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Originally appeared in Bookforum, Spring 2000

The largest exhibit of R. Buckminster Fuller’s work ever assembled has already closed at the Zurich Museum of Design, but those of you who couldn’t make the trip can now avail yourself to this nifty brick of a catalog. Curator/editors Joachim Krausse and Claude Lichtenstein have done a fine job brushing the dust off of Fuller, but whether their work indicates a general uplift in the technovisionary’s stature remains to be seen. Over fifteen years after his death, Fuller remains an obstinately unclassifiable figure, a man whose many hats — sailor, inventor, designer, ranter, mathematician, teacher, metaphysician, possible crackpot — confuse any attempt to clarify his odd but considerable legacy, a legacy that goes well beyond his famous and now rather quaint geodesic domes.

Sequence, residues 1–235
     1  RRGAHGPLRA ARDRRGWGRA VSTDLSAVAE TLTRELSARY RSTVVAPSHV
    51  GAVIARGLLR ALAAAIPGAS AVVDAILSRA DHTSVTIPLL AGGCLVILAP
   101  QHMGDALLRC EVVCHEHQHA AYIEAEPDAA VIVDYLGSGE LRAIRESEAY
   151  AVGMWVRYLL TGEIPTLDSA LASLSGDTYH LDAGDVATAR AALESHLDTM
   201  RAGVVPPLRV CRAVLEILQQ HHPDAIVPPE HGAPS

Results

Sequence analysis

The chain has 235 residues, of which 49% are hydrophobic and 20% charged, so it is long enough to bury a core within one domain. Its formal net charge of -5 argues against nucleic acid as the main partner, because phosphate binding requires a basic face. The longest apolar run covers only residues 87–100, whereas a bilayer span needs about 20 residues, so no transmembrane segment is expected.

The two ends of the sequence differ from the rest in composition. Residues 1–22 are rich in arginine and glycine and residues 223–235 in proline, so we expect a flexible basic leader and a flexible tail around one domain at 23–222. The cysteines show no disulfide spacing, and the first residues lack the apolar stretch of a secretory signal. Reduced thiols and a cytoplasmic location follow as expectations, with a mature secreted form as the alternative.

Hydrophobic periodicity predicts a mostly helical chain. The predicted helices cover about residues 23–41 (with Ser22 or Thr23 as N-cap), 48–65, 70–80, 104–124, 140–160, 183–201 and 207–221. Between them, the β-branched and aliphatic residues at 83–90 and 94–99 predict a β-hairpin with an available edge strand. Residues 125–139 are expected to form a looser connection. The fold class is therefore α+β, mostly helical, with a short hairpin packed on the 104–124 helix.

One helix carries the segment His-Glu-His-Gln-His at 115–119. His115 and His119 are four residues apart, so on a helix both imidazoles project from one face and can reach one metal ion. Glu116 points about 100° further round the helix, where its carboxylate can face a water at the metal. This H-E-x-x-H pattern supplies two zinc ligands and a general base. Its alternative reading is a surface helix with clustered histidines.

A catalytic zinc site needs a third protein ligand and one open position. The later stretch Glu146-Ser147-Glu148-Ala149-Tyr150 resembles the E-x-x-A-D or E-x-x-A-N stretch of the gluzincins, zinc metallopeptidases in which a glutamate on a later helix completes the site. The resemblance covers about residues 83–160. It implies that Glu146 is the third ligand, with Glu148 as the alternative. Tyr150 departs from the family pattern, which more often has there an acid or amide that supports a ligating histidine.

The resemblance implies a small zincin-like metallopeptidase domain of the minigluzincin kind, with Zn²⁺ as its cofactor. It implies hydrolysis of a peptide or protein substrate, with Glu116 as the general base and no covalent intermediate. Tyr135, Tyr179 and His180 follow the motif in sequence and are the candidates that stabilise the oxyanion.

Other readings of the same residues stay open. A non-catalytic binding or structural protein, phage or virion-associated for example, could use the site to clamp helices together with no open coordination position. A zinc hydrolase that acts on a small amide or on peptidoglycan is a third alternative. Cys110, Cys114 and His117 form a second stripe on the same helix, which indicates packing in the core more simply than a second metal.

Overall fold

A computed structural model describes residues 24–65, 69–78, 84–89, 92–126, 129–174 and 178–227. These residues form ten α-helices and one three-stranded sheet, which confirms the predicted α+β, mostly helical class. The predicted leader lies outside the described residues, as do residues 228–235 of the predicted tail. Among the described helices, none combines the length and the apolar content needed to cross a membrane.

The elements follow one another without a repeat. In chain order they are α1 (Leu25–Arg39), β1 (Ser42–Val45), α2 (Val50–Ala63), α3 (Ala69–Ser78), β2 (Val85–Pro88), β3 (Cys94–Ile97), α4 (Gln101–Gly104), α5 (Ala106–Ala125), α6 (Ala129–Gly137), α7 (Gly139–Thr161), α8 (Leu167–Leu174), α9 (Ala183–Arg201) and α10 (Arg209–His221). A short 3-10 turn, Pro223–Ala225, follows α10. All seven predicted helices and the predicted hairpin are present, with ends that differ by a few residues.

As Krausse and Lichtenstein make clear with their excellent survey, Fuller’s genius partly lay in his ability to integrate his Leonardo-like talents into one ceaseless drive of thought and activity. Your Private Sky presents a multi-dimensional portrait using personal photos, artist renderings, promo materials, blueprints, graphs and Fuller’s wonderful, almost Dr. Seuss-like sketches to flesh out its restrained chunks of Fuller text and explanatory prose. As anyone who has cracked Synergetics knows, Fuller is hardly a hoot to read, and Krausse and Lichtenstein’s copious images offer a way into the Bucky enigma that sidesteps the man’s dense and deeply convoluted prose. Die-hards, on the other hand, will want to track down the catalog’s equally massive companion volume of texts, Your Private Sky: Discourse.